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This book reviews the use of antiepileptic drugs focusing on the interactions between these drugs and between antiepileptics and other drugs. These interactions can be beneficial or can cause harm. The aim of this book is to increase awareness of the possible impact of combination pharmacotherapies. Pharmacokinetic and pharmacodynamic interactions are discussed supported by clinical and experimental data. The book consists of five sections covering the general concepts and advantages of combination therapies, the principles of drug interactions, the mechanisms of interactions, drug interactions in specific populations or in patients with co-morbid health conditions, and concludes with a look at the future directions for this field of research. The book will be of interest to all who prescribe antiepileptics to epileptic and non-epileptic patients, including epileptologists, neurologists, neuro-pediatricians, psychiatrists and general practitioners.
Jerzy Majkowski, Center for Epilepsy Diagnosis and Treatment Foundation of Epileptology, Warsaw, Poland,
Philip N. Patsalos, Pharmocology and Therapeutics Unit, Department of Clinical and Experimental Epilepsy, Institute of Neurology, London; The National Society for Epilepsy, Chalfont St Peter, UK
Clinically important drug interactions occur essentially at two levels, at the pharmacokinetic level and at the pharmacodynamic level. This chapter describes the clinically significant interactions between antiepileptic drugs (AEDs) and non-AEDs. The interactions can be classified into three groups according to their risk of interaction with AEDs. Carbamazepine is a potent hepatic enzyme inducer and, as well as inducing its own metabolism via an action on CYP3A4, it also induces the metabolism of many other drugs that are CYP3A4 substrates. There are no clinical data to suggest ethosuximide induces or inhibits the metabolism of other non-AEDs. As a new AED, knowledge of the interaction profile of felbamate with non-AEDs is limited. Zonisamide undergoes extensive metabolism, via CYP3A4, and approximately 30% of zonisamide is excreted in urine as unchanged zonisamide. To date, there are no reports of zonisamide affecting the pharmacokinetics of non-AEDs.
This chapter emphasizes the spectrum and scale of antiepileptic drugs (AED) usage in medical disciplines other than epilepsy, and to increase awareness of unpredicted drug interactions when combination therapy with two/three drugs is used. There are many pharmacological reasons why AEDs have therapeutic effects in non-epileptic neurological and psychiatric conditions. The fact that over-the-counter drugs and nutritional supplements are increasingly being self-administered by patients creates the risk of drug interactions. In many countries folk medicine is frequently used for various reasons. Carbamazepine (CBZ) is one of the most commonly used AEDs in epilepsy and other neurological and psychiatric disorders. Many drug interactions can be demonstrated but only a few of them are so clinically significant that they require adjustment of drug dosages. Case reports of toxic effects due to drug interactions are presented in the chapter as a warning signal calling for attention when polytherapy has to be used.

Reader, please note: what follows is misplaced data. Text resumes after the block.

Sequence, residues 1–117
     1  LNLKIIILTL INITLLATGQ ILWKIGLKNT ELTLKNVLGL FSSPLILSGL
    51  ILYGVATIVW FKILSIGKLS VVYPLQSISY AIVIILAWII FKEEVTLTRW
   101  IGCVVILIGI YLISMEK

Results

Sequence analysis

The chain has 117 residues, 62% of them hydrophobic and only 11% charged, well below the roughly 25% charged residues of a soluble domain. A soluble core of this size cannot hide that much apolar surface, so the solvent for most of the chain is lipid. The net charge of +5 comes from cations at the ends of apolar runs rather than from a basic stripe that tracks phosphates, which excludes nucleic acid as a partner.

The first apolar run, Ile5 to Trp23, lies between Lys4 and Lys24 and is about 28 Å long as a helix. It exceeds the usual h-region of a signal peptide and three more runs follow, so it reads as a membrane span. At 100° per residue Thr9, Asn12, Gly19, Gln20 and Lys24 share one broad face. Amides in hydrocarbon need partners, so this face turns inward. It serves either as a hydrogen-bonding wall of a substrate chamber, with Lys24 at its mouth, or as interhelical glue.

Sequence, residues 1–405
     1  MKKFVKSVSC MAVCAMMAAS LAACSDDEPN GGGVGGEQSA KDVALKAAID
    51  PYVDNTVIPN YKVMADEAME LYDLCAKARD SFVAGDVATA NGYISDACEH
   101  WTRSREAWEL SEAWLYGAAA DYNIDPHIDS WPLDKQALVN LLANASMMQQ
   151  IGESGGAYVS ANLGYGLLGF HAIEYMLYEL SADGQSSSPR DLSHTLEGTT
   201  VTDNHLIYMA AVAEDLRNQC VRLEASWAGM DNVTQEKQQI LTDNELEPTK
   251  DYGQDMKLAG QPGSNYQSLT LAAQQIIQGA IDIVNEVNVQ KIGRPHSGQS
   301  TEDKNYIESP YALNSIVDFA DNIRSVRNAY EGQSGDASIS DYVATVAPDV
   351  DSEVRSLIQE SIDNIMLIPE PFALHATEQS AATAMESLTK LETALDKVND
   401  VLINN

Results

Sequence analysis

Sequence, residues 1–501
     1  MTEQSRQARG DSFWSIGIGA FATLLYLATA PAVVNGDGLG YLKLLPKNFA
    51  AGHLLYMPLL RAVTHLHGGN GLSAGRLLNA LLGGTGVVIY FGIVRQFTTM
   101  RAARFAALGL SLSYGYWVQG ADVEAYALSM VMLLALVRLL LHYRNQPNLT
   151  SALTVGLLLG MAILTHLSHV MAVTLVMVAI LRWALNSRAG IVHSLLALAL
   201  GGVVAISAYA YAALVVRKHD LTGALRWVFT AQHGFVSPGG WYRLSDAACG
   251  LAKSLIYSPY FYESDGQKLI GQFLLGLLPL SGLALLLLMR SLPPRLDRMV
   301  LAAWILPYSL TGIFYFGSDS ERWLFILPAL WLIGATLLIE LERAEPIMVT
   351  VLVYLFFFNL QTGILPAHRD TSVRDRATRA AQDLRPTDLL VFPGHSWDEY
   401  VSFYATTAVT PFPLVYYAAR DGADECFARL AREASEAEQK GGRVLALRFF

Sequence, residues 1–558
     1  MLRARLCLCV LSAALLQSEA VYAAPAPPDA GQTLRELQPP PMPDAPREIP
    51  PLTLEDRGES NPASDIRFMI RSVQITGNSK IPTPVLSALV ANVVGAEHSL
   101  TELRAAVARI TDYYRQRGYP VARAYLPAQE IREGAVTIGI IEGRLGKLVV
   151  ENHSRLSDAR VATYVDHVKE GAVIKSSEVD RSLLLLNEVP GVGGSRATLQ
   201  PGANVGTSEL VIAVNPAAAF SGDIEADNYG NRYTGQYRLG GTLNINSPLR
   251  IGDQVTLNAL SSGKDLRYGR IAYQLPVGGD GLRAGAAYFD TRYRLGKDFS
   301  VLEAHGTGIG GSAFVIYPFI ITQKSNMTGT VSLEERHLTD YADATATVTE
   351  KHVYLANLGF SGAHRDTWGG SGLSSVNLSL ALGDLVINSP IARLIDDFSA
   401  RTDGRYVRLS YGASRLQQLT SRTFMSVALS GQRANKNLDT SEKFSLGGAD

This chapter discusses polytherapy with old and new antiepileptic drugs (AEDs), current clinical experience with drug combinations and future treatment strategies in pharmacoresistant epilepsies. The majority of patients with newly diagnosed epilepsy can apparently be controlled with a single AED. At present, selection of AED combinations is mainly based on personal experience and on a few clinically documented studies. The aim of rational polytherapy is to improve the effectiveness to toxicity ratio: effectiveness should be supra-additive or at least additive and toxicity should be lower than additive. Everyday clinical practice suggests that in some pharmacotherapy-resistant patients, combination of three AEDs has a better effect than two drugs. Drug interactions may produce increases in desired metabolites or decreases in the formation of undesired metabolites. Resistance to pharmacotherapy occurs in a significant number of patients with chronic epilepsy; its pathogenesis and mechanism(s) of development are not fully understood.